“As the chair right now I can tell you had I known how much backlash and repercussion and angst that this has caused for not just the people that wrote the letters but for the board members and the amount of division and angst that it has created, I never would have allowed that,” he said. “And I want it to be known, the majority of the people didn’t say that they didn’t want them read. I’m not going to go back and rehash it, but it’s not like it was a 4-1 vote that we don’t read them and they were read. It was not like that at all. But it is what it is. I don’t want to get too deep into the weeds here, because I’m going to be misquoted on many, many Facebook groups, I’m sure, in the next hour or so. So I will move on.”
Tedstone said he allowed the anonymity because the commenters were making reference to criminals who had received assistance from the Massachusetts Bail Fund — for which Kramer serves as treasurer — and he had concerns for their safety. Board member Irfan Nasrullah said he understands that point of view.
“The chair has always asked for the name and address,” he said. “And I think there was an extenuating circumstance for why he said that we wouldn’t have to ask for it. In my mind I think that we make decisions, and maybe we regret the decision later, but it wasn’t just a haphazard decision that he made. It was well thought out. Maybe it was right, maybe it was wrong, but it wasn’t a knee-jerk reaction. He put some thought into it. … In the interest of unity I think we need to understand that there are extenuating circumstances at times, and he made a call. So I think that’s OK.”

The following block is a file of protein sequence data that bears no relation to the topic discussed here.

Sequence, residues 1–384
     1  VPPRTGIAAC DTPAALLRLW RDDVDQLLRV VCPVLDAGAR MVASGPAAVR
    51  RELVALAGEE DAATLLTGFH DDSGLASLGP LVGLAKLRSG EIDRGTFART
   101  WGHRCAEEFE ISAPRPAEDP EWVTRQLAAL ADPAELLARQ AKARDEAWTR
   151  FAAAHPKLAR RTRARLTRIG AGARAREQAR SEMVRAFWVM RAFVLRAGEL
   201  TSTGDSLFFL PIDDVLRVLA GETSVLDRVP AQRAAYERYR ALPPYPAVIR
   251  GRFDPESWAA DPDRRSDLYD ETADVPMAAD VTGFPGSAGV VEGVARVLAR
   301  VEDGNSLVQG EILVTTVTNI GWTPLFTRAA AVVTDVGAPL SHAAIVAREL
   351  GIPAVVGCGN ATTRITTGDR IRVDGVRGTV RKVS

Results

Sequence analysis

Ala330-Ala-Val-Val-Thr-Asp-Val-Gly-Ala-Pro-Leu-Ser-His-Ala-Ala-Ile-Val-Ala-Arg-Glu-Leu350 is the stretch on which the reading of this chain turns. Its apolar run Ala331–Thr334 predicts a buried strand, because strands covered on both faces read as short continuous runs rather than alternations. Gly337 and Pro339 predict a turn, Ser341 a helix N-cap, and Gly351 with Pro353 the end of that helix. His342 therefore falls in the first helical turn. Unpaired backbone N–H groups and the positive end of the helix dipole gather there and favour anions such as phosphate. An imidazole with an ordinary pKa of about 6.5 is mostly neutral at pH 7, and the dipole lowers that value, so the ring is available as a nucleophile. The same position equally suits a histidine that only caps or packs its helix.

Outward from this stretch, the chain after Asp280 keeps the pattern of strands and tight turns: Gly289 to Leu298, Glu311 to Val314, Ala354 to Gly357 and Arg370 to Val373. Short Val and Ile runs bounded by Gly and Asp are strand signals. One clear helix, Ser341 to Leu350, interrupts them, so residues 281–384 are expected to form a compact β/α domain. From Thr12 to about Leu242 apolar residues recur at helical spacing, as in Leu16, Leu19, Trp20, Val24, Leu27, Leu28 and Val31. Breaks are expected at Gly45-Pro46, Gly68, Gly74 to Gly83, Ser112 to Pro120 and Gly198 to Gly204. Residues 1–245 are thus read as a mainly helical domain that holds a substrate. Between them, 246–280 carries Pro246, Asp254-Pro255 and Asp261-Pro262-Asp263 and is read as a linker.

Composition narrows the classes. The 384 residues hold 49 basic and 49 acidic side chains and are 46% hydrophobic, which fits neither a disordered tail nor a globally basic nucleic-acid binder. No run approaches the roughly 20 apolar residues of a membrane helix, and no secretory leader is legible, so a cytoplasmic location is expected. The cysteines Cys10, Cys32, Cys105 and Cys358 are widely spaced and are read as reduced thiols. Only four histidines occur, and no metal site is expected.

The discussion was to be continued at a later date.
Town recognizes retirees Harris, McKay
The Select Board honored Lt. Carl Harris, who retired from the Fire Department on Oct. 1. He had been with the town for 31 years, 26 as a full-time firefighter after five years as a call firefighter.
Brendan Tedstone said he started as a call firefighter the same day as Harris.
“Carl has my admiration as a firefighter, as a colleague, as a person and as a friend,” Tedstone said. “Carl has given back to the town of Hopkinton more than anybody with the exception of Chief [Steve] Slaman on this call knows. … You have earned my respect. You’re a great man. For the town it’s a tremendous loss.” …
The board also recognized assistant town accountant Janet McKay, who is retiring Oct. 31 after 24 years with the town.
McKay originally was hired as an interdepartmental secretary before becoming the assistant town accountant.
“I am so proud to have worked with Janet over the last 12 years,” said town manager Norman Khumalo. “She was a very able representative of what we call excellence in public service.”
Added Tedstone: “The town is losing a wealth of knowledge and a heck of a person as an employee. … Your work means a lot to us.”
Hopkinton awaits Main Street bid winner
Khumalo said the town continues to wait for the Massachusetts Department of Transportation to announce the winner of the bid for the Main Street Corridor Project. The contract is expected to be awarded in early November, at which point a pre-construction kickoff meeting will be scheduled by MassDOT.
Regarding projects in the pipeline, the Permanent Building Committee is expected to soon issue its report on the reuse of Center School. Meanwhile, an application will be submitted to the Community Preservation Committee for the preservation and restoration of the windows on the 1928 portion of the school.
A preliminary feasibility study on the proposed public safety facility is nearing completion.
Khumalo also asked for an exemption to the town hiring freeze in order to hire a new assistant town accountant, and the board approved the request.